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Re: [c++std-parallel-1632] Re: Compilers and RCU readers: Once more unto the breach!


On Thu, May 21, 2015 at 04:22:38PM +0200, Michael Matz wrote:
> Hi,
> 
> On Wed, 20 May 2015, Paul E. McKenney wrote:
> 
> > > > I'm not sure... you'd require the compiler to perform static analysis of
> > > > loops to determine the state of the machine when they exit (if they exit!)
> > > > in order to show whether or not a dependency is carried to subsequent
> > > > operations. If it can't prove otherwise, it would have to assume that a
> > > > dependency *is* carried, and it's not clear to me how it would use this
> > > > information to restrict any subsequent dependency removing optimisations.
> > > 
> > > It'd just convert consume to acquire.
> > 
> > It should not need to, actually.
> 
> [with GCC hat, and having only lightly read your document]

Understood.

> Then you need to provide language or at least informal reasons why the 
> compiler is allowed to not do that.  Without that a compiler would have to 
> be conservative, if it can't _prove_ that a dependency chain is stopped, 
> then it has to assume it hasn't.
> 
> For instance I can't really make out easily what your document says about 
> the following simple situation (well, actually I have difficulties to 
> differ between what you're proposing as the good-new model of this all, 
> and what you're merely describing as different current states of affair):

The point is -exactly- to codify the current state of affairs.  I expect
a follow-on effort to specify some sort of marking regimen, as noted in
the last paragraph of 7.9 and as discussed with Torvald Riegel.  However,
given that there are not yet any implementations or practical experience
with such markings, I suspect that some time will be required to hammer
out a good marking scheme.

>   char * fancy_assign (char *in) { return in; }
>   ...
>   char *x, *y;
>   
>   x = atomic_load_explicit(p, memory_order_consume);
>   y = fancy_assign (x);
>   atomic_store_explicit(q, y, memory_order_relaxed);
> 
> So, is there, or is there not a dependency carried from x to y in your 
> proposed model (and which rule in your document states so)?  Clearly,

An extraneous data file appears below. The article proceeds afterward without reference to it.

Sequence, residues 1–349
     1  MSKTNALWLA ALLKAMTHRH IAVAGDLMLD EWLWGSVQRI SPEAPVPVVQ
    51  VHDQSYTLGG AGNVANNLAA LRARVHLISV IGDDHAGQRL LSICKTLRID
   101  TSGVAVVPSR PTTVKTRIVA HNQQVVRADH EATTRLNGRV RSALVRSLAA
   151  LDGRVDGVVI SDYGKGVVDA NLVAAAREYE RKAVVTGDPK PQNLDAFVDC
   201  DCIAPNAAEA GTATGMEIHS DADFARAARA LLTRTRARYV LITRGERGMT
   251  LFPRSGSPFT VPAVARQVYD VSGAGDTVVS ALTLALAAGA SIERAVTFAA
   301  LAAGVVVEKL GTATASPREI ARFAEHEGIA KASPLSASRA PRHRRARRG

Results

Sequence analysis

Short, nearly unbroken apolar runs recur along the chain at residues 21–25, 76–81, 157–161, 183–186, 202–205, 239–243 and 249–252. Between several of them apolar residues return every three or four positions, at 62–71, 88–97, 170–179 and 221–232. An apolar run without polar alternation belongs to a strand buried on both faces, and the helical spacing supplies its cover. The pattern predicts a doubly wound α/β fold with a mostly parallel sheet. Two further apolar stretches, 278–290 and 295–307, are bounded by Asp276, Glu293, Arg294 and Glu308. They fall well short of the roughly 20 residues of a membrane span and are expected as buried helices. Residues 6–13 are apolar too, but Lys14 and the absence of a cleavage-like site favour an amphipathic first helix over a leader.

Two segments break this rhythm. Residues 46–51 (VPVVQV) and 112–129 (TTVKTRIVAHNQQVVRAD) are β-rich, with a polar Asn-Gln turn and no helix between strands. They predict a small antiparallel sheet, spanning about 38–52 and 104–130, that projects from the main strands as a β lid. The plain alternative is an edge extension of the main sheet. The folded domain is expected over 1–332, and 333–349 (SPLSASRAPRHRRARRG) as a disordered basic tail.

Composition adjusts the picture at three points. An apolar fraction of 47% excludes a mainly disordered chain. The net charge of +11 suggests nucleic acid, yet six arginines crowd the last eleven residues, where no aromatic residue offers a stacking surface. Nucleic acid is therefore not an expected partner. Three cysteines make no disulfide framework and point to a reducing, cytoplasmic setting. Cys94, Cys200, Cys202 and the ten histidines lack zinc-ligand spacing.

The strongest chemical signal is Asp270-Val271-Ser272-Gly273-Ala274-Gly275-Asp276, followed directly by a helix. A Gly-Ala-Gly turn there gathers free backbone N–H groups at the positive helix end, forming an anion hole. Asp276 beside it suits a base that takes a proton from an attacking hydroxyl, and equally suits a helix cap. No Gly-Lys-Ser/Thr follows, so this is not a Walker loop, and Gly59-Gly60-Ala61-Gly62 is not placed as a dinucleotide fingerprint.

> without any other language the compiler would have to assume that there is 
> (because the equivalent 'y = x' assignment would carry the dependency).  

The dependency is not carried, though this is due to the current set
of rules not covering atomic loads and stores, which I need to fix.
Here is the sequence of events:

o	A memory_order_consume load heads a dependency chain.

o	Rule 2 says that if a value is part of a dependency chain and
	is used as the right-hand side of an assignment operator,
	the expression extends the chain to cover the assignment.
	And I switched to numbered bullet items here:
	http://www2.rdrop.com/users/paulmck/RCU/consume.2015.05.21a.pdf

o	Rule 14 says that if a value is part of a dependency chain and
	is used as the actual parameter of a function call, then the
	dependency chain extends to the corresponding formal parameter,
	namely "in" of fancy_assign().

o	Rule 15 says that if a value is part of a dependency chain and
	is returned from a function, then the dependency chain extends
	to the returned value in the calling function.

o	And you are right.  I need to make the first and second rules
	cover the relaxed atomic operations, or at least atomic loads and
	stores.  Not that this is an issue for existing Linux-kernel code.

	But given such a change, the new version of rule 2 would
	extend the dependency chain to cover the atomic_store_explicit().

> If it has to assume this, then the whole model is not going to work very 
> well, as usual with models that assume a certain less-optimal fact 
> ("carries-dep" is less optimal for code generation purposes that 
> "not-carries-dep") unless very specific circumstances say it can be 
> ignored.

Although that is a good general rule of thumb, I do not believe that it
applies to this situation, with the exception that I do indeed assume
that no one is insane enough to do value-speculation optimizations for
non-NULL values on loads from pointers.

So what am I missing here?  Do you have a specific example where the
compiler would need to suppress a production-quality optimization?

							Thanx, Paul


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